12 – 24 Months
With baby’s first birthday, many parents and caregivers feel a sense of accomplishment, relief, and joy after their first year together as a family. Baby may have spoken a first word or taken a first step. By this time, patterns have emerged so that feeding, diapering, sleeping and playing times are somewhat predictable. Daily routines have often been established. Family life has settled into a rhythm.
During the second year, however, the profound growth in the baby and young toddler often means adjusting to a bolder, busier rhythm, especially as children learn to move – crawling, standing, and walking! Sleep patterns can change as the child’s whole being practices these new movements. Sometimes in their second year, babies give up their morning nap and spend longer periods of time playing and moving.
With this ability to move independently comes a sense of autonomy. The baby and young toddler becomes curious about “all by myself.” The baby-in-arms becomes a baby-in-the-world! Social exploration with other babies and young toddlers may involve grabbing, holding on tight, or saying, “No!” with words or body language. These are ways for young children to assert their space and place in the world. Grownups can stay close by, ready to support the tears, tantrum, biting, or hitting that may accompany these big feelings. Adults can say, “I see your tears and you look frustrated.” Hugs and comfort are much needed even though baby is moving more independently.
No matter how confident – even bold! – your toddler seems, he or she is almost certain to be anxious or afraid sometimes. Toddlers need to balance their growing need for exploration with their need to be safe. Toddlers may want a longer snuggle or gather more comfort objects before bedtime. Toddlers may depend on rituals such as the same book or the same song at bedtime. These are ways for toddlers to have control in a world that is much bigger than they are.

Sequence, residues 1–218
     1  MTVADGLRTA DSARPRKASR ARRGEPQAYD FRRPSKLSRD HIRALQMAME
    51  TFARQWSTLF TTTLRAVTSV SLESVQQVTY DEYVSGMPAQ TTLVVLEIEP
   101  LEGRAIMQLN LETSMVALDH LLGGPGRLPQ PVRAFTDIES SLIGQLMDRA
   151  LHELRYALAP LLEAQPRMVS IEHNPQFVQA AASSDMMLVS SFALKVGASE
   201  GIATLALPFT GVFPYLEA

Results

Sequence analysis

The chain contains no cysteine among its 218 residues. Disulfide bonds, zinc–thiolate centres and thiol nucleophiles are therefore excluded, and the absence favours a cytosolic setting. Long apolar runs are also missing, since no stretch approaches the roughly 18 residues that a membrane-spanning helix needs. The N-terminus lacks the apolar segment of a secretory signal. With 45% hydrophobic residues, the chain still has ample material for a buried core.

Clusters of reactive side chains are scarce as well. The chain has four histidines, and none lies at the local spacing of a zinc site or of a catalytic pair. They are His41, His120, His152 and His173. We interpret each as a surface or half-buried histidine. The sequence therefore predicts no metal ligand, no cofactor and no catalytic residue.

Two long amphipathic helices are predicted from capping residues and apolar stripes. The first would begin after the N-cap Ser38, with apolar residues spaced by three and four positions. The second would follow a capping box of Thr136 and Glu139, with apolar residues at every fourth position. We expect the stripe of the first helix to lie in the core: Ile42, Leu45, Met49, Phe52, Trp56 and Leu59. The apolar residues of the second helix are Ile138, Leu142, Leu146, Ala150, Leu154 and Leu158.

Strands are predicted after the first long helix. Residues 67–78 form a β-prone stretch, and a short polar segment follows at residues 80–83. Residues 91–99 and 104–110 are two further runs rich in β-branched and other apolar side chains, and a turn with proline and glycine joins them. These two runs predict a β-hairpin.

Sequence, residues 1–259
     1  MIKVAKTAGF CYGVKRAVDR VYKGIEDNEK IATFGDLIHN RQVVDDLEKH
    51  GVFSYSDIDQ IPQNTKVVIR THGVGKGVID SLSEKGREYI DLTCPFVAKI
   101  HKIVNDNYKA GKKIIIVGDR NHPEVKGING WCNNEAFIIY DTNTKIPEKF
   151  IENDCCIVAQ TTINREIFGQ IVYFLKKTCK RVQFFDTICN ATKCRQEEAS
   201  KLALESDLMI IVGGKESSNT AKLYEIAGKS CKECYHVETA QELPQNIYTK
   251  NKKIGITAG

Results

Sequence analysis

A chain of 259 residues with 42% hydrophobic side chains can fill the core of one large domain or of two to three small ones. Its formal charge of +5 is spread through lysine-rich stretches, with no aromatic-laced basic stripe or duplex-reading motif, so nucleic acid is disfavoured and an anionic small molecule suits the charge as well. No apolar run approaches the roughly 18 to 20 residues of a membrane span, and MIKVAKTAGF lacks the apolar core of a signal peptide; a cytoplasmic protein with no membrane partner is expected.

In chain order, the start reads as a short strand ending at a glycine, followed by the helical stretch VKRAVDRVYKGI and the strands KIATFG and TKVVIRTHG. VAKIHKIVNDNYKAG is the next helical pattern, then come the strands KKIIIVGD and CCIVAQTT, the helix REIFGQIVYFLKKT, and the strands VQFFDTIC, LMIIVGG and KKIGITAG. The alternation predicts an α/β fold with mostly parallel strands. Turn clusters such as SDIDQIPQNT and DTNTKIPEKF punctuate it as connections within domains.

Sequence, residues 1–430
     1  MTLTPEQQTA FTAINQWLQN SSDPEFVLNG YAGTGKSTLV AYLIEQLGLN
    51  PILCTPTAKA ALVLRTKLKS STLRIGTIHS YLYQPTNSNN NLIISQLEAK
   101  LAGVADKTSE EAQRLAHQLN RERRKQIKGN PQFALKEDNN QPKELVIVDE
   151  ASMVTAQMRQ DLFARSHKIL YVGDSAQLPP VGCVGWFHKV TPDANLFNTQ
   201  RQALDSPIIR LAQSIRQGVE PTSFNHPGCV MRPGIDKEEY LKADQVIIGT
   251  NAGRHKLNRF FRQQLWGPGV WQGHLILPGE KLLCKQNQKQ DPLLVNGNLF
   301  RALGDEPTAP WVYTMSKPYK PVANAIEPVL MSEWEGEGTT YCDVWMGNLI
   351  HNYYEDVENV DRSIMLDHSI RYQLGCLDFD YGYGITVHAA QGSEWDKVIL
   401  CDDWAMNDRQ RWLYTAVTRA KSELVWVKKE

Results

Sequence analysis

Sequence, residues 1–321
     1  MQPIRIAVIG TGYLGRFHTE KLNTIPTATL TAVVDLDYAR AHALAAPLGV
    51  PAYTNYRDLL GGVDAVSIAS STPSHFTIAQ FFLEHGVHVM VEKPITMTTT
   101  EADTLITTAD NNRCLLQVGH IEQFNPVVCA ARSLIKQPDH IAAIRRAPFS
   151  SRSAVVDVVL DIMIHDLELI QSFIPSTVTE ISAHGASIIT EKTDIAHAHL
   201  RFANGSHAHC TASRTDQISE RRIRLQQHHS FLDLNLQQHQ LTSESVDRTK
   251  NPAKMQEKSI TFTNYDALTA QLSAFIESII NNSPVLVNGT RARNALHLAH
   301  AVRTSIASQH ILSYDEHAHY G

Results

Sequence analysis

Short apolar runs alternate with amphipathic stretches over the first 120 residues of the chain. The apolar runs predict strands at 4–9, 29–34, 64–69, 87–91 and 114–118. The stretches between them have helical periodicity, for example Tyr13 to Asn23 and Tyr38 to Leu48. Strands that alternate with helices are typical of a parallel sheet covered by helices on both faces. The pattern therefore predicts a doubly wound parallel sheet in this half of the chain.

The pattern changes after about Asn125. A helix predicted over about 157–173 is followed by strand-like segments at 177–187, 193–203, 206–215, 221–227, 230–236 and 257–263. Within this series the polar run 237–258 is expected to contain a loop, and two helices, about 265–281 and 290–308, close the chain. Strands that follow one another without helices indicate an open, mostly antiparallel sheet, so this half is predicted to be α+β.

As they develop more and more physical mastery, babies and young toddlers test limits of their behavior. Testing limits of what is okay and not okay is one way that babies learn to feel safe with their grownups. Adults are called upon to be very patient, clear and consistent. Power struggles may develop around diapering, feeding, sleep, and transition times. Allow plenty of time for transitions. Sometimes a simple choice is helpful, such as “Would you like to fasten your diaper or would you like me to do it?”
The second year is a remarkable time for language development. Babies often use between 50 to 150 words by eighteen months and may speak in sentences such as, “I thirsty.” Although they understand and speak more and more, babies and young toddlers only grasp what’s now and next. Clear communication about now and next helps settle daily life and support language development. Very young toddlers often speak about what is right in front of them. Adults can put words to experience by saying things like, “You’re rolling the ball” and “Now we are putting toys away, and then it’s naptime.”
Play is a child’s work. You may see children this age pour, dump, squish, scoop, squeeze, stack and knock down. It may seem that baby is doing the same thing over and over again. Parents sometimes wonder whether this is normal or how they can encourage their child’s learning at this age. The most basic ingredient for baby’s healthy learning is a warm, reliable, protective relationship with his or her grownups. Babies learn best when they are calm, relaxed, safe, and loved. The most important things adults can do to support baby’s learning are to talk, read, sing, go for walks, and simply enjoy one another.